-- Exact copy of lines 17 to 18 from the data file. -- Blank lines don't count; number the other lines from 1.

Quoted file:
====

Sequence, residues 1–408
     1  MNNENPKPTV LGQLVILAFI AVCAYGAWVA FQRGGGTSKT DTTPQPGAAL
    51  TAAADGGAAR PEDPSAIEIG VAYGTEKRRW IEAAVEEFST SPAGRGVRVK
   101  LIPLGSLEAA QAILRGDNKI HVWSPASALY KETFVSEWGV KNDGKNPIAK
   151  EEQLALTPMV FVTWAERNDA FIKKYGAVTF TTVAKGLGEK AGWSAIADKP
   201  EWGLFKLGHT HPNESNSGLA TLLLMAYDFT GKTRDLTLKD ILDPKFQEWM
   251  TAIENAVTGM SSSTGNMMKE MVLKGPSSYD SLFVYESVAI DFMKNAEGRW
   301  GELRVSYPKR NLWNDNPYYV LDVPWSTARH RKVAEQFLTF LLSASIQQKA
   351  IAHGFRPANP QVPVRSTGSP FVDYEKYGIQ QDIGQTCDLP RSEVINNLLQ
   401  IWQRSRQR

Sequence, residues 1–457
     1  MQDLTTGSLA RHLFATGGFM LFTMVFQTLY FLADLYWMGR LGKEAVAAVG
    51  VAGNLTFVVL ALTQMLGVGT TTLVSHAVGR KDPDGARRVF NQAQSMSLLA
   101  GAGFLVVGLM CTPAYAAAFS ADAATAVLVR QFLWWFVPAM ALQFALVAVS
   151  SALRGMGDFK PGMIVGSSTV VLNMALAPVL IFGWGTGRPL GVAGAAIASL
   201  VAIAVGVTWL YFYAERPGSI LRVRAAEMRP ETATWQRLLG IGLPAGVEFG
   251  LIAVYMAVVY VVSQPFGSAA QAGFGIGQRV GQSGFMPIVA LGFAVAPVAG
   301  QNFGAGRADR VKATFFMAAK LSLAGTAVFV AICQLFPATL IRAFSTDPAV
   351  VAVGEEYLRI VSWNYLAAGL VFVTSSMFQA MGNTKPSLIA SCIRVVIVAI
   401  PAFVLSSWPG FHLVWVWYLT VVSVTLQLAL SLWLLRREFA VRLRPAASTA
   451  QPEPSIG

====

   251  LIAVYMAVVY VVSQPFGSAA QAGFGIGQRV GQSGFMPIVA LGFAVAPVAG
   301  QNFGAGRADR VKATFFMAAK LSLAGTAVFV AICQLFPATL IRAFSTDPAV